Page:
When we learned about planning back in grad school, we were told that if something is important, you need to assess it; if you don’t assess it, then it’s not important. When the Common Core Standards came out, most math teachers were very excited about the Standards of Practice. The problem was, of course, that the Standards of Practice are hard to assess. So most standardized tests that use the Common Core don’t assess them, which of course means they don’t get implemented in the same way as the content standards. The Standards of Practice are important to me (though I frame them as the Mathematical Habits of Mind), and that means I need to find a way to assess them. But I’ve never had a really good way to test them before – I was always kind of making it up as I went along. Now, though, I think I’ve hit on something now that really works.
After seeing Ashli’s video about not putting grades on papers, I stopped doing it this year – but having the grades still be there in the online gradebook wasn’t quite what I wanted to do, and it became very hard to keep track things, especially because classwork and homework were what I used to measure the Standards of Practice. This semester I gave written feedback on all the assignments that I’ve given but recorded no grades – not even in my own gradebook – the only thing I kept track of was if something was incomplete or missing.
If we decide that every assignment is a formative assessment, we can’t possibly grade it as students are learning the material. So instead each assignment is like a first draft (or second or third) and students can read the feedback that I gave and make changes in order to improve their work. Come the end of the marking period (or eventually the end of the semester) students create a portfolio of their work. They don’t need to include everything that they’ve done but rather a representative sample that shows that they apply the Standards of Practice/Habits of Mind as they work.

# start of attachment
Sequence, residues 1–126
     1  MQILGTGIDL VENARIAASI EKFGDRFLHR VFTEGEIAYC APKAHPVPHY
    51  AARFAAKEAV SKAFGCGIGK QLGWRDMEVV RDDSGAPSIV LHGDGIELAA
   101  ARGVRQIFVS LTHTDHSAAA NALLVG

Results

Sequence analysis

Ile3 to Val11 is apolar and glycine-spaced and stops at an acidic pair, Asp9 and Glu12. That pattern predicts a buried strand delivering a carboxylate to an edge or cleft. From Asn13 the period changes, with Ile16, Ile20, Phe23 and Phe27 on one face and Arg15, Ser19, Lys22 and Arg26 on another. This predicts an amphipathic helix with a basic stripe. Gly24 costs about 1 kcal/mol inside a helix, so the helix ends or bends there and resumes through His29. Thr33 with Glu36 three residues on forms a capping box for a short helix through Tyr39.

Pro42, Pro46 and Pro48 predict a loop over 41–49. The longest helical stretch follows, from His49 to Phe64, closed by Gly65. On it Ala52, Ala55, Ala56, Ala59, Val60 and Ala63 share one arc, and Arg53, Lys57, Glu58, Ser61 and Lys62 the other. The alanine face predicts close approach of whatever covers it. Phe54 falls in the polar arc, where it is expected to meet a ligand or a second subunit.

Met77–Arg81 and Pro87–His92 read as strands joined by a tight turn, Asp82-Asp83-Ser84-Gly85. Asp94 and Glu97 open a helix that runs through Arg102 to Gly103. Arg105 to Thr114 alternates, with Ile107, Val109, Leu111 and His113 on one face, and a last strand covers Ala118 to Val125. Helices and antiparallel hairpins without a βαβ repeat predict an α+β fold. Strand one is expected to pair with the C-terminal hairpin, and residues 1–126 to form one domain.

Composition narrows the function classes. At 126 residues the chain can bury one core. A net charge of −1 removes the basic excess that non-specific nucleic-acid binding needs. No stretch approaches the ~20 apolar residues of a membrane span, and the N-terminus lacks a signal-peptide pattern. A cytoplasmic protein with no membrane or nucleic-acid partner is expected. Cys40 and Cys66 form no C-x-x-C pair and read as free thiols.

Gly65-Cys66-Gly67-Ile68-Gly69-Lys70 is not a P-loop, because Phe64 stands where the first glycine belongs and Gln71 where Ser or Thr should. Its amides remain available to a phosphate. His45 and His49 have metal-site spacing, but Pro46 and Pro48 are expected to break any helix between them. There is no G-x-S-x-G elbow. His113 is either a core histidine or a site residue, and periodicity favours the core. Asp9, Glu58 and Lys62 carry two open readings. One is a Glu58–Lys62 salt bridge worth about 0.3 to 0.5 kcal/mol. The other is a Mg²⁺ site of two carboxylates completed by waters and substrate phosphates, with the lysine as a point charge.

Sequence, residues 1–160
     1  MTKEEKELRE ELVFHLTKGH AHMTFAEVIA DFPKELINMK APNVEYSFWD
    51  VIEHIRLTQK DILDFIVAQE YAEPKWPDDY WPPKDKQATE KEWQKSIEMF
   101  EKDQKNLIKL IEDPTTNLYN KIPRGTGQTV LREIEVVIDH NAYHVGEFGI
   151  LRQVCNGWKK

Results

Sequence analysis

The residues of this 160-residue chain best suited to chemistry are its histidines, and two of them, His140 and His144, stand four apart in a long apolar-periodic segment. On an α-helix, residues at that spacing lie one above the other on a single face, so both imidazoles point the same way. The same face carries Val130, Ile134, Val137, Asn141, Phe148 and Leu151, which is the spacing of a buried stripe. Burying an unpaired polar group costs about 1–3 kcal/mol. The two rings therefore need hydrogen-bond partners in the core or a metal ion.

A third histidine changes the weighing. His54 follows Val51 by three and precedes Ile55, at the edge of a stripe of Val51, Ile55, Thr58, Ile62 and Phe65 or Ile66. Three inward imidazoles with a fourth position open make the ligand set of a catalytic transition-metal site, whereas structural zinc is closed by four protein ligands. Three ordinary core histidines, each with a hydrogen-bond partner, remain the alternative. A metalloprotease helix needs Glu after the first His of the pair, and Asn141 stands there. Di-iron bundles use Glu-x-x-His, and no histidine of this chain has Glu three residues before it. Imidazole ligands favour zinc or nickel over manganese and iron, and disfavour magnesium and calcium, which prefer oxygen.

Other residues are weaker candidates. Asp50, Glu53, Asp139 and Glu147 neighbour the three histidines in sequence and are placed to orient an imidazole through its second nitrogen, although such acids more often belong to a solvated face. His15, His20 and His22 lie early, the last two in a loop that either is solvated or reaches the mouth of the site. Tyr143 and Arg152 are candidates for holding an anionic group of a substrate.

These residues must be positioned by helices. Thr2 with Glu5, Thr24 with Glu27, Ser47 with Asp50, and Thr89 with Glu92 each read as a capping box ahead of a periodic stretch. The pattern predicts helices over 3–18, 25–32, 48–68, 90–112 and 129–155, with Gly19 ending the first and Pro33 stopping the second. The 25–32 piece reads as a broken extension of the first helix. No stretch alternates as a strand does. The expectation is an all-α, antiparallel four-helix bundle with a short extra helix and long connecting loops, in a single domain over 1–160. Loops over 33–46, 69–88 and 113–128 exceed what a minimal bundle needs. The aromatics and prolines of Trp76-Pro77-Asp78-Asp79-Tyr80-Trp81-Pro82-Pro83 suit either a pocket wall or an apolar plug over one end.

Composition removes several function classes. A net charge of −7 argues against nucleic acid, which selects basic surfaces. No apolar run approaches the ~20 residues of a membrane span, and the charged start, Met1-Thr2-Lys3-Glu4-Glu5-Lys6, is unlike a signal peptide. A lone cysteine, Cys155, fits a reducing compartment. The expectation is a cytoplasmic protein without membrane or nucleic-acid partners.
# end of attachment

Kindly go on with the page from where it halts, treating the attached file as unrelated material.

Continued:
The portfolio has a cover sheet (shown below) that that asks them to reflect on what habits they have used in their mathematical work this semester.
They have to find evidence of their own habits in their work and write a few sentences citing that evidence. I gave suggestions of which assignments might be easier to find evidence of those habits in. And they only had to include work that they cited as evidence as part of the portfolio.
To get us started we read through the rubrics that I created for the habits and created posters of what those habits might look like when doing assignments. We have them hanging on the walls of my classroom – that way I can referr to them easily when something comes up (such as when we worked on Des-man, I tried to emphasize the tinkering nature of the process).
The first portfolios coming in have been graded and some of them were stellar and others need some work, but it was the first time and they are not really used to this whole reflective idea. But I have noticed that most of my students have started to use that vocabulary more and have become more aware of the kind of things that they are expected of them in the long-term, not just immediate math facts. I think if I start this from the beginning next year it’ll create a really great culture of thinking using the habits and the standards of practice.